The client asked west London studio Architecture for London to reorganise the space at the rear of the Victorian property to accommodate an open-plan kitchen and dining area with an improved connection to the garden – known as Polished House.
An existing conservatory and a small bedroom were demolished to make space for the extension, which was limited by the house's location in a conservation area to the size of the structure that was removed.
In place of the original dingy, low-ceilinged kitchen, the architects introduced skylights and a glazed wall incorporating sliding doors to ensure the extension receives plenty of natural light.
"We wanted to create a bright and contemporary kitchen that encouraged it to be used as a social space," architect Ben Ridley told Dezeen.
The small first-floor bedroom at half-landing level, which was not required by the clients, was removed to create a double-height void that adds to the kitchen's spacious feel.
"The low 2.1-metre ceiling heights were the key limitation in the original kitchen, so the generosity provided by the double-height space was welcomed," Ridley added.
A reflective stainless steel surface with bare light bulbs suspended from it was installed above an island in the centre of the kitchen to enhance the height of the space.
"The chandelier was intended to create a focal point in the room, both accentuating the double-height space and allowing you to look up and see reflections of other people," added Ridley.
The ceiling steps down from its highest point above the kitchen island and features smooth plasterwork edges that minimise disruption to sight lines between the living area and the garden.
Polished surfaces including the smooth concrete floor and stainless steel used for the chandelier and a recessed display case were employed throughout the spaces to enhance the natural daylight that reaches the interior.
Similarly light and glossy materials were added in the small garden, including a concrete floor and textured limestone-clad planters and benches.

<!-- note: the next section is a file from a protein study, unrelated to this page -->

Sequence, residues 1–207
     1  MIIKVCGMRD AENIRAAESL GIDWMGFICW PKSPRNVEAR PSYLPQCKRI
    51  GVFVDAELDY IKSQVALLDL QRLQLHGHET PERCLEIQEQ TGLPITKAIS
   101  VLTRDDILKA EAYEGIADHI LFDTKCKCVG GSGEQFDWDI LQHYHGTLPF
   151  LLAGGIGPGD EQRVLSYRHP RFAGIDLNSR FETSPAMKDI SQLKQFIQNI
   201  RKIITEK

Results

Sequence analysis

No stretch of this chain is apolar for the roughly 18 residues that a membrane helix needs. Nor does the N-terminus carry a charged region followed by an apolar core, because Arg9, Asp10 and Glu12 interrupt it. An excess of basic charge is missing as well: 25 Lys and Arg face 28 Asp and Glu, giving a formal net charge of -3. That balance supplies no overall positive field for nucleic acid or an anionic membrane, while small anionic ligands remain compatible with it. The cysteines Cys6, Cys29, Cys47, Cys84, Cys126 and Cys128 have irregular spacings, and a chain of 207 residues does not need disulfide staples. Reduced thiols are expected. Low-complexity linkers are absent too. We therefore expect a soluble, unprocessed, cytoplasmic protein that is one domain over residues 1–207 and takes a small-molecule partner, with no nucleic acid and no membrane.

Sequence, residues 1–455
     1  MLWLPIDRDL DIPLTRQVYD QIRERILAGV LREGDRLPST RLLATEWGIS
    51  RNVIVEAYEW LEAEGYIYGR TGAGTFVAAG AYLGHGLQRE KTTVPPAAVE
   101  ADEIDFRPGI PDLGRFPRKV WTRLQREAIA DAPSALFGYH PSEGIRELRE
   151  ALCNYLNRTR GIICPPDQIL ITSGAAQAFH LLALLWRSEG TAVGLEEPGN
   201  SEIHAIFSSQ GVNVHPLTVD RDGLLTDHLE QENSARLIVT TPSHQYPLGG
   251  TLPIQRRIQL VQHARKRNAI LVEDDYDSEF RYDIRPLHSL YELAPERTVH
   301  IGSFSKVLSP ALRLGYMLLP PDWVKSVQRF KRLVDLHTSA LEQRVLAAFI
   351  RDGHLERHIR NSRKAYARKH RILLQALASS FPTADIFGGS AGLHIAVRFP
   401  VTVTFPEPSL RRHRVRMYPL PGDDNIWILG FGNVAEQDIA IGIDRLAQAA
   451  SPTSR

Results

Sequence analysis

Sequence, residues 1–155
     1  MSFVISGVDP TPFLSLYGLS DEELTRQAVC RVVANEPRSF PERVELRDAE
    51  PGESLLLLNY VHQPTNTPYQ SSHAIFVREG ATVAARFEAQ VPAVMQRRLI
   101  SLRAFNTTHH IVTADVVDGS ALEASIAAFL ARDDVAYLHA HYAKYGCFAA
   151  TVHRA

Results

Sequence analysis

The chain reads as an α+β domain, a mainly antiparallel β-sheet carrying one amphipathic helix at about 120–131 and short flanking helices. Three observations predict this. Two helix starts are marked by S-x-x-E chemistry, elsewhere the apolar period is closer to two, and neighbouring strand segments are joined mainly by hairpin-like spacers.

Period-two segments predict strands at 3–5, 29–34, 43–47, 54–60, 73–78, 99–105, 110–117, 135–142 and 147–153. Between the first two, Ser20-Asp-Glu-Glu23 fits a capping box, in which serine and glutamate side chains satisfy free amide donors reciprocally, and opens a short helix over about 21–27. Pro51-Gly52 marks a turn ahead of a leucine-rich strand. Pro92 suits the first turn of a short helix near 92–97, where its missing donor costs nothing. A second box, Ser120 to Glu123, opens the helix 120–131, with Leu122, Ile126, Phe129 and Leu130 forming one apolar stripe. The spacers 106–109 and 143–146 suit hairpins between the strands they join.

External cupboards and a concealed barbecue are integrated into the surfaces of the planters, which are aligned with the internal cabinetry to emphasise the contiguous nature of the indoor and outdoor spaces.
Photography is by Jim Stephenson.
Here's some more information from the architects:
A Polished House
This project is a house extension and refurbishment in polished stainless steel and polished concrete, completed on a restricted budget (c£150k).
The client's brief was to create open plan spaces with an improved relationship to the garden, and a kitchen that could be enjoyed as a social space. The original kitchen was dark, and had a very low ceiling height of 2.1m. It was also surrounded by a poor quality conservatory.
The proposals included the demolition of the conservatory and the original rear rooms at both ground and first floors. This required the demolition of the small first floor rear bedroom, yet it allowed a double height space to be created in the new kitchen.
The scheme effectively reduced the floor area of the property, as a bedroom was removed, and the new rear extension was built no further than the line of the existing conservatory.
A large bespoke polished stainless steel chandelier was designed for the kitchen, its mirrored surfaces emphasising the verticality of the double height space.
Polished stainless finishes are continued internally with a recessed stainless display case and externally with cladding details.
A sculpted ceiling profile with radius plasterwork leads the eye toward the garden, and tall 3.1m fine line glass doors maximise the view.
The garden design features a bespoke timber fence and stone planters.
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